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placeholder October 23, 2017   •   VOL. 55, NO. 18   •   Oakland, CA
Pilgrimages

Rev. Aidan McAleenan, Bishop Michael C. Barber, SJ, and Very Rev. James Matthews at the altar of the St. Peter Claver church in Cartagena.
COURTESY PHOTO

My amazing pilgrimage to honor St. Peter Claver

After 2½-years of planning meetings, prayer for God's guidance and advertising, the time arrived to embark on this life-changing experience; June 4, 2017.

Having traveled to Europe twice in the '80s on a concert cathedral tour at Westminster Abbey, Canterbury Cathedral, Lincoln Minster and the birthplace of minister-hymnist, John Wesley; and to Notre Dame Cathedral in France; South Africa for six weeks in 1997, and a pilgrimage to the Shrine of Our Lady of Guadalupe in Mexico City in 2006, I was a relatively seasoned world traveler.

But I had great expectations and a desire to bring home some comfort and reassurance to a hurting community of undocumented immigrants, victims of human trafficking, homeless people, and all those facing critical situations, that God already has a plan for His creation. God has provided us with intercessory saints, angels, His own Mother, and our saintly ancestors for any predicament related to life and human dignity in this world, if we ask Him and pray for His guidance.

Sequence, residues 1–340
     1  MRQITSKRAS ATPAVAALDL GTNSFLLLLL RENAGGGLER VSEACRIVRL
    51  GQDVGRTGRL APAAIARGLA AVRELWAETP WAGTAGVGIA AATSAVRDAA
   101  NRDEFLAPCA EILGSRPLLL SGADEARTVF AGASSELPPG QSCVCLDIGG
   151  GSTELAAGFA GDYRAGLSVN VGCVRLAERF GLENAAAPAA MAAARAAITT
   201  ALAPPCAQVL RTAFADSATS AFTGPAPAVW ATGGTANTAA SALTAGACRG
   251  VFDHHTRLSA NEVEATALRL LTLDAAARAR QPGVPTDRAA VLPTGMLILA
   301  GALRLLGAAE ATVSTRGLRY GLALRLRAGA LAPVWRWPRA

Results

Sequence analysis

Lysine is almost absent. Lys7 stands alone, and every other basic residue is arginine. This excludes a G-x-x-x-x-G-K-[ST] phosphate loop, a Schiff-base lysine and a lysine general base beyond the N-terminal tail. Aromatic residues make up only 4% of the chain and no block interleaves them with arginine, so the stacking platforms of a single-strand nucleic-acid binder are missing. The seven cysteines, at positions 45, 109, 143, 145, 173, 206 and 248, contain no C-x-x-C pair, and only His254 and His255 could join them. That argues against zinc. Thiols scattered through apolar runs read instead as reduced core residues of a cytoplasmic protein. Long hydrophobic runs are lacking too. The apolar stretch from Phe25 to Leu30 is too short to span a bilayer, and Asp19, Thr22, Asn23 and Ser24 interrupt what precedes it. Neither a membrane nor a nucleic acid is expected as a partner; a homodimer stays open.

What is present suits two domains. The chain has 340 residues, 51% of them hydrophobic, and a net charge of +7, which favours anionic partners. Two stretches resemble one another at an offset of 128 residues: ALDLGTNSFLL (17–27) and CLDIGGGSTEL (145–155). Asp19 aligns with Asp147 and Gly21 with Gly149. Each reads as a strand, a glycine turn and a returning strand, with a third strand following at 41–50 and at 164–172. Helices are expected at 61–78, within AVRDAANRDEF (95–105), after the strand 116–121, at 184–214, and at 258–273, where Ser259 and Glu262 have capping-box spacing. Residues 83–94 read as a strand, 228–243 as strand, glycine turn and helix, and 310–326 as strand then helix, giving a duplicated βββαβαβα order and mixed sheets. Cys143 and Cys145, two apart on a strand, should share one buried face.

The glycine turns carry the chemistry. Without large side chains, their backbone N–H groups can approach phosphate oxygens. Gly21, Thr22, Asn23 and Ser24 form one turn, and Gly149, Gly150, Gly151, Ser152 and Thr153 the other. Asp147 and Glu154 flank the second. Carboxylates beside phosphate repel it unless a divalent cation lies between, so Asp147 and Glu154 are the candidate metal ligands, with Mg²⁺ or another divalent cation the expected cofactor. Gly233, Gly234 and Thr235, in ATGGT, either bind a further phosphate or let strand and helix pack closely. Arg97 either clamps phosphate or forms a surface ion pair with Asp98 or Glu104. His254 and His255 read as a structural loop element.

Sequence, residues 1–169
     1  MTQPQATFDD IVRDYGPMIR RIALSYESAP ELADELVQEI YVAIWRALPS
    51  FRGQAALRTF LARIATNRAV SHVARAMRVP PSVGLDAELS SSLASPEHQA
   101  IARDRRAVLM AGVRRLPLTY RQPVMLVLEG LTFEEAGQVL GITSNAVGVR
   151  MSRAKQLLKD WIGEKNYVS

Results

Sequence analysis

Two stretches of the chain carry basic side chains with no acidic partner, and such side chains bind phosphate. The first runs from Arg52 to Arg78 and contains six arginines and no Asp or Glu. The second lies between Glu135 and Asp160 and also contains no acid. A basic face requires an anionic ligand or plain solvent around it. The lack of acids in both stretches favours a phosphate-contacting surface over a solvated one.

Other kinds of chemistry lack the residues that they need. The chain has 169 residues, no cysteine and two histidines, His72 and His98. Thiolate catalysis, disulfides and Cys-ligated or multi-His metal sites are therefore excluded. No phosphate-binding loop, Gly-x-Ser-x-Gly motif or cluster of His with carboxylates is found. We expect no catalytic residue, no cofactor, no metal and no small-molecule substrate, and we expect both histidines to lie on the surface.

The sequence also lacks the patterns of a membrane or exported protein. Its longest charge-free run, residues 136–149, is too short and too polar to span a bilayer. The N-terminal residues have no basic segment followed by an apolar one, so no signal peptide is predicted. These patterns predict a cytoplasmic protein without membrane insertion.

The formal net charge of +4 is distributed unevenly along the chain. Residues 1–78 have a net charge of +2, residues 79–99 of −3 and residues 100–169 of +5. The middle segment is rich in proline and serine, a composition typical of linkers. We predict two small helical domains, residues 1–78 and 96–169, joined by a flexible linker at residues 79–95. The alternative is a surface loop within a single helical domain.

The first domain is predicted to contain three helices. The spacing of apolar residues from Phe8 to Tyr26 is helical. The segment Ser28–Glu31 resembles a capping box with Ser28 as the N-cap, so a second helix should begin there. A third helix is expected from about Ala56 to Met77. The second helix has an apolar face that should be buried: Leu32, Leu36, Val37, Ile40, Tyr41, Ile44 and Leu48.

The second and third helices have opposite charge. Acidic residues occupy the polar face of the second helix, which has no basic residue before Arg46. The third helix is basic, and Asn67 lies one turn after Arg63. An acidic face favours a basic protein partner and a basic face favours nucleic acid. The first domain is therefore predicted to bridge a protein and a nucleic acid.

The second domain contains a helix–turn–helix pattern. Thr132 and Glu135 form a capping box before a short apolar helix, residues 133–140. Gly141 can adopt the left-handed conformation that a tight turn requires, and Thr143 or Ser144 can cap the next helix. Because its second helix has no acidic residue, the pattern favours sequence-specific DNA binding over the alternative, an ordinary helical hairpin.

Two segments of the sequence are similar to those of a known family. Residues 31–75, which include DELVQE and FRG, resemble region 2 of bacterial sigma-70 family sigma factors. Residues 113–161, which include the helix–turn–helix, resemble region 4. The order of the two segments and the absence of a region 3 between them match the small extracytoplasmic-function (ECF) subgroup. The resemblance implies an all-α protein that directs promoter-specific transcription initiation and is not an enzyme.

Upon confirmation that we had three ordained clergy joining our pilgrimage for a total of 14, and that Most Rev. Michael C. Barber SJ., bishop of Oakland, would be joining us on June 7, I knew God had something miraculous in store for us; this was to be a truly evangelizing journey.

Upon boarding brand new international aircraft from SFO, we arrived in Cartagena, Colombia, seven hours later on June 5 and checked into the most elegant hotel; we were treated like royalty.

The hotel office staff graciously printed additional copies of our liturgical order of Mass, (14 pages each for 15 people), at no charge and with a smile. I had prepared our own order of Mass before leaving home so that whatever languages our daily Masses were, we had our own.

When we were in Mexico City at the Shrine of Our Lady of Guadalupe in 2006, we had made extra copies of music that we sang in the Basilica de Guadalupe. The resident nuns heard us and asked if they could have copies of our music. We were delighted to accommodate them. That 2006 trip to Mexico City was the inspiration to have our own liturgy in Cartagena at our daily Masses with the Very Rev. James V. Matthews, Rev. Aidan McAleenan and Deacon Earl Johson. Deacon Earl and I recited the Litany of St. Peter Claver at each Mass prior to the arrival of Bishop Barber.